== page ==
"Both crewmen involved in case 0215 reportedly died as a result of injuries sustained during their low-level ejection LTJG Nordahl's current status is dead, remains not recovered."

In response to a March 1977 visit to Hanoi, by a Presidential delegation led by Leonard Woodcock, President of the United Auto Workers Union (a credential that no doubt made him eminently qualified to deal with Vietnam on POW matters and if anyone doesn't recognize this, it is sarcasms) Vietnam released the remains of 12 servicemen. Records show that remains of LCDR Guy Johnson, were repatriated on 19 March 1977. The remains were identified March 31, 1977.

The swiftness of the identification again indicated either remains were in good condition and/or identification media was present. There is a real possibility that the remains of Johnson and Nelson came from Vietnam's warehouse of remains. If remains for Johnson and Nelson were recovered and warehoused, it is not a great leap of logic to consider the possibility that remains for both Nordahl and Mitchell are warehoused, especially since Vietnamese forces had and documented their contact with Nordahl and Mitchell.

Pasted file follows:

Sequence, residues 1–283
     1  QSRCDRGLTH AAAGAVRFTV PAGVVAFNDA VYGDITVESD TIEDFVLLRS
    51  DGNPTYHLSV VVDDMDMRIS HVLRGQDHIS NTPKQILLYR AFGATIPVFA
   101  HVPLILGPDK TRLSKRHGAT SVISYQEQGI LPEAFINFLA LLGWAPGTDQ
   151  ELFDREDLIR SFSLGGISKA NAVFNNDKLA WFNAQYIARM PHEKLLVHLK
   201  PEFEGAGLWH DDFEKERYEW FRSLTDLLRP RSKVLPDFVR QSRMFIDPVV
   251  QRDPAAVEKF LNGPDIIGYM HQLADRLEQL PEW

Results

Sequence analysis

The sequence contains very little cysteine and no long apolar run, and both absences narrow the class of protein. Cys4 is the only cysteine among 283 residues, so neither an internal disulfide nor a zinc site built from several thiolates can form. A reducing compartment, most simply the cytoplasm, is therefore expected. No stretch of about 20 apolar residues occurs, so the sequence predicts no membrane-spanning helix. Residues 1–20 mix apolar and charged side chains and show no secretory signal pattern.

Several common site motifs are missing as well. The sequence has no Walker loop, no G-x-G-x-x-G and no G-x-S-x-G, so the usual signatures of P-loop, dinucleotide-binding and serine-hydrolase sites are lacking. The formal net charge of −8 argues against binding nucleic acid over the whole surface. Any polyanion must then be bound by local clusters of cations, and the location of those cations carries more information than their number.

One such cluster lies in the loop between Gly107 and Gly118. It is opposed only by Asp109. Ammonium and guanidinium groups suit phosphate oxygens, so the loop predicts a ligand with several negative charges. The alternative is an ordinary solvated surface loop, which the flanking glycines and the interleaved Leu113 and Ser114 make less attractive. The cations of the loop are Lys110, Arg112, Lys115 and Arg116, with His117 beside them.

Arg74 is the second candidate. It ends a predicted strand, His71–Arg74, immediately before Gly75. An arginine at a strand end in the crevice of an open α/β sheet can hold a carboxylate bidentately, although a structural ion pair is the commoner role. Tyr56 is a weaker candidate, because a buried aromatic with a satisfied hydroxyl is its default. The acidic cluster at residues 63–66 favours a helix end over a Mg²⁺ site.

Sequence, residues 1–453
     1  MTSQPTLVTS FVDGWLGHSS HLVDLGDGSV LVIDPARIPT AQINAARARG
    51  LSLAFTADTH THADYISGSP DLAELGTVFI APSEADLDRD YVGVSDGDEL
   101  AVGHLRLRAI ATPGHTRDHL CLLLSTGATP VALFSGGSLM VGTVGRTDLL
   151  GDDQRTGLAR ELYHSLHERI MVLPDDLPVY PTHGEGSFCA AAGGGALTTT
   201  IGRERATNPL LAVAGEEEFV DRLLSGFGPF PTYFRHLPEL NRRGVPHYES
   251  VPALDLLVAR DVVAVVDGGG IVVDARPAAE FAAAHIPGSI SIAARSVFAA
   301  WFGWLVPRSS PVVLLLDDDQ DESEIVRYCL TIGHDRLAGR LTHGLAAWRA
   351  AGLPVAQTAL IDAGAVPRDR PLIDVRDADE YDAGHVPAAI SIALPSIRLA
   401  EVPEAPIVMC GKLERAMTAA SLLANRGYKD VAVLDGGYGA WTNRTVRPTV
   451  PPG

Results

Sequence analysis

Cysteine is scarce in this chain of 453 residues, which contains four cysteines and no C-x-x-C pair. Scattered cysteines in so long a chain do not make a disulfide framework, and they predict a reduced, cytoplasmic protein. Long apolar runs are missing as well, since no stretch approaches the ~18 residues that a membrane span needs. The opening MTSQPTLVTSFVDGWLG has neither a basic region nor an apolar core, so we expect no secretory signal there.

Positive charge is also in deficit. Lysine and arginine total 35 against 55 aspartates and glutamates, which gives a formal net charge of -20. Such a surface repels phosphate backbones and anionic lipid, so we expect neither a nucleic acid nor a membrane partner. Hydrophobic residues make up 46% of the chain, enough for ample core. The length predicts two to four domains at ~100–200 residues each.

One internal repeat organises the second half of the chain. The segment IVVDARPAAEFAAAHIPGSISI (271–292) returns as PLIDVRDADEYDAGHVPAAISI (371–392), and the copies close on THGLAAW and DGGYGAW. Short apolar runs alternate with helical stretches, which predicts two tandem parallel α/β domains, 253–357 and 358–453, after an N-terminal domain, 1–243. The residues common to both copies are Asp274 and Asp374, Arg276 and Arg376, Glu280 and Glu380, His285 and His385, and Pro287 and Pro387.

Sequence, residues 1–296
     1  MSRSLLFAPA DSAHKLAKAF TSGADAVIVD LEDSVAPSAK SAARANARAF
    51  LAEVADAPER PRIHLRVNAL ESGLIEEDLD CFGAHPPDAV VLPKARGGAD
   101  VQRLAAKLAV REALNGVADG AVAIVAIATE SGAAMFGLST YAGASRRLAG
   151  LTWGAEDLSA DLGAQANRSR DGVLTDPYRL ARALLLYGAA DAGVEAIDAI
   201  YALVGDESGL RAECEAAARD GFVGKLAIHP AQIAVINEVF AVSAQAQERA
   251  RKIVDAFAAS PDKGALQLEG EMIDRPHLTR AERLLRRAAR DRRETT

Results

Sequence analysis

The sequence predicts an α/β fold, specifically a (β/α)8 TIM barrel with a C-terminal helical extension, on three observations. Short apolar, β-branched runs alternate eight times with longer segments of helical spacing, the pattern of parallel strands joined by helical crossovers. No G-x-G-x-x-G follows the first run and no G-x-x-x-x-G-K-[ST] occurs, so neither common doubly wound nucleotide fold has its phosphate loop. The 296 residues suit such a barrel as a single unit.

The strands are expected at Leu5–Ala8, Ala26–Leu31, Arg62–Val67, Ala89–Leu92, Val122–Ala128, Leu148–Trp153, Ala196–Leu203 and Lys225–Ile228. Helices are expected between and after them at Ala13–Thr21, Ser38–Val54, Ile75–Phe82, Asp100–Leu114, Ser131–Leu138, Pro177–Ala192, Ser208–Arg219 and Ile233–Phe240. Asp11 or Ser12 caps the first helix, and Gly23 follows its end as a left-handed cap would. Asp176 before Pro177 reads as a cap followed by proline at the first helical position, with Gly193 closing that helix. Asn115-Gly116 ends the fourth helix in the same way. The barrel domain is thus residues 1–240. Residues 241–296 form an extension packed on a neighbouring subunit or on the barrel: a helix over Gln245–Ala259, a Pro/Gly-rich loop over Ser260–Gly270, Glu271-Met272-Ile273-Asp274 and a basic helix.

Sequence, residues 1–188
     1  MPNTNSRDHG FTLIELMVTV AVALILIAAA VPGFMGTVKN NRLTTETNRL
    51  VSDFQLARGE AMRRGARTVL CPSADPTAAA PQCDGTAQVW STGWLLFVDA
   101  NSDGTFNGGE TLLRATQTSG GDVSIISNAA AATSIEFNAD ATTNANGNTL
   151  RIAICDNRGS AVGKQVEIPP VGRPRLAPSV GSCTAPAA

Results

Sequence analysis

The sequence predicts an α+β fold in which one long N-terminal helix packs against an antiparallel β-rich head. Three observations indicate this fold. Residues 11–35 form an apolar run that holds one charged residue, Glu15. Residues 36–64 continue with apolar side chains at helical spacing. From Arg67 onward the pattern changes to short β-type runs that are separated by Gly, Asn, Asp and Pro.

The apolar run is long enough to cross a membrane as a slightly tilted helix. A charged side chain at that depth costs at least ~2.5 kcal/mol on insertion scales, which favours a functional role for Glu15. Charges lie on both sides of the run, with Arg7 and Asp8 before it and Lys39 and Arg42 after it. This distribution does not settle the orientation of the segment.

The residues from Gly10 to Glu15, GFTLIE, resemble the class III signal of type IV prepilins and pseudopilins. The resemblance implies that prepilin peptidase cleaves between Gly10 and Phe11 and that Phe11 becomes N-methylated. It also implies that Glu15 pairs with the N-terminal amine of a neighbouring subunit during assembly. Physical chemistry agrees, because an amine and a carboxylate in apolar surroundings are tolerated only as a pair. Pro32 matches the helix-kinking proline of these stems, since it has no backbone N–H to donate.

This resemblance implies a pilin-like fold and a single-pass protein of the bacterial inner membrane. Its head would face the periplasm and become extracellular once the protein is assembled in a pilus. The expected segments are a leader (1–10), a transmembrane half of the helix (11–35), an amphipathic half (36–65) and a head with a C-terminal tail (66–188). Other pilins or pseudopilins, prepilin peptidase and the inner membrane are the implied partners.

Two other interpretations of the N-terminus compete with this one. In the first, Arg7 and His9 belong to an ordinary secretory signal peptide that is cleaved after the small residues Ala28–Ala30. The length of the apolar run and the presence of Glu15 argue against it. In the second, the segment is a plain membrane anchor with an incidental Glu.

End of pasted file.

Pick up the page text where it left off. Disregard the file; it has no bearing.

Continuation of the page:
Perhaps at sometime in the future, the Vietnamese will return Nordahal to his loss sites, to be recovered by JPAC investigators.

Thanks to the efforts of Senators John Kerry and John McCain, the trade embargo against Vietnam was lifted in 1993 and diplomatic relations was established in 1995.

Mobil/Exxon, Coke, and scores of other American businesses are now in Vietnam and so are Edward Dickson, Marvin Lindsey, Doyle Lynn, Paul McClellan, Joseph Morrison, Lee Nordahl, John Seuell and perhaps Gilbert Mitchell. The difference, American businesses are there by choice.